However, DPP congresswoman Yu Meinu (尤美女) said in an emailed reply to questions that the core problem is not the timeline but the interpretation of the constitutional court's decision, particularly as regards the children and families of same-sex couples.

The Executive Yuan, the executive branch of Taiwan's government, is currently deliberating whether to launch an an entirely new law for same sex couples. "Then there would be much more discussion, and the Legislative Yuan would be the next battlefield," Yu said.

Instead, the congresswoman advocated for an amendment to the Civil Code. “Amending the Civil Code is best, most equal and most efficient way to legalize same-sex marriage, and give equal rights to their children and families,” she said.

Asked what the most important related legislation would be around either eventuality, Hsu said building a framework for the transfer of financial assets was most important. “You cannot sign off anything related to inheritance. Medical records is another one,” he added.

This week Hsu invited Evan Low, a U.S. Democrat representative of California’s 28th Assembly District and the serving chair of the state’s LGBT caucus, to visit Taipei. At a press conference welcoming Low, DPP congresswoman Yu Meinu (尤美女) also pushed her parliamentary colleagues to progress the legislation and warned of the dangers of too much delay.
For his part, Low said the world was watching Taiwan and the lead it was taking on equality issues, not least the election of its first female president — a feat the U.S. has tried and failed to emulate. He recounted how in his role as mayor of Campbell city in Santa Clara he had been allowed to officiate at weddings, though he could not marry himself, host blood banks on city land though ineligible to donate, or recommend people as recruits to the West Point military academy though barred from such service himself.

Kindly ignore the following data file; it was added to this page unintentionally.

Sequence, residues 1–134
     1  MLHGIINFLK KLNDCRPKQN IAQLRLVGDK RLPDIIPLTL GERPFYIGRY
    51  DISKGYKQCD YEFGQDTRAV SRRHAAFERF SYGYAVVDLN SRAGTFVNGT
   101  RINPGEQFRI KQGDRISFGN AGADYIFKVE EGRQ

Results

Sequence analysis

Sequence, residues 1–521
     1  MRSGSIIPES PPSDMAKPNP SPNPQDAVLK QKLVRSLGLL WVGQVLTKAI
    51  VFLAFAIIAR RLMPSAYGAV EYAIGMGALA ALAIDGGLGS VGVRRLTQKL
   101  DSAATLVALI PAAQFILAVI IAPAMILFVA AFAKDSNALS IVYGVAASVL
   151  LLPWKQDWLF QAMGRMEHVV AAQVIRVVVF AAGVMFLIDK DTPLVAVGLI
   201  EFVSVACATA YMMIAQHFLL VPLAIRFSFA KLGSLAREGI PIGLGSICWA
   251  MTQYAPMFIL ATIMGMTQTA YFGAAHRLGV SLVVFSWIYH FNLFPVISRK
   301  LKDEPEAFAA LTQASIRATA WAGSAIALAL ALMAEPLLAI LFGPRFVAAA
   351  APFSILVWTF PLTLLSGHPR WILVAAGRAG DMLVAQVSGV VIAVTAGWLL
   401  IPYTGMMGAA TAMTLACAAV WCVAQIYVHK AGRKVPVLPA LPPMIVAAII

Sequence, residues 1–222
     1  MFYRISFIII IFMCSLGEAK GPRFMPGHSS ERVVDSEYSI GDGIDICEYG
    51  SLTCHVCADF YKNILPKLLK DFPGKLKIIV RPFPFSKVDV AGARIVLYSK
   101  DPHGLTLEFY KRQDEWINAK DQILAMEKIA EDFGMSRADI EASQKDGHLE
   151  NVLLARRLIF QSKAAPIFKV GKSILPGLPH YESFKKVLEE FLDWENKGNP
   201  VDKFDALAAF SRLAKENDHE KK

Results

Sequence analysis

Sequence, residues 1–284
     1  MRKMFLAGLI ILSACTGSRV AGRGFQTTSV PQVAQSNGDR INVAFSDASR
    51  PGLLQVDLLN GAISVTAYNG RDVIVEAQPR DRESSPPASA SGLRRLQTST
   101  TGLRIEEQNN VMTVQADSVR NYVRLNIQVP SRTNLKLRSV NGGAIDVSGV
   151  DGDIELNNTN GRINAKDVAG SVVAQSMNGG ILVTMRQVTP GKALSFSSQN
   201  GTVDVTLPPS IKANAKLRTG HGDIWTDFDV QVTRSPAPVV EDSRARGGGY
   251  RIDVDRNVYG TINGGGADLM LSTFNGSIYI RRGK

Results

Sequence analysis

Low recalled the experience of California with Proposition 8, a pernicious piece of legislation that overturned a 2008 ruling by the Supreme Court of California to legalize same-sex marriage. It was 2013 — a full five years later — before the legislative process deemed the amendment unconstitutional. His point was clear: whatever victories are won in the fight for equal rights, however significant, there will always be attempts to roll back the ground that has been gained.

“In California we have been through this before, less than a decade ago we were having the same discussion as you are here,” Low said. “The LGBT community has a higher percentage of homelessness and depression. Higher rates of suicide, non-equal access to healthcare. My belief is that as government that we have an obligation to serve everybody and offer everyone equal treatment under the law.”

Taiwan celebrated a victory in May and has earned a right to celebrate tomorrow. Once the party is done, the work of building consensus as to how best to serve the LGBTQ community and their families must begin afresh.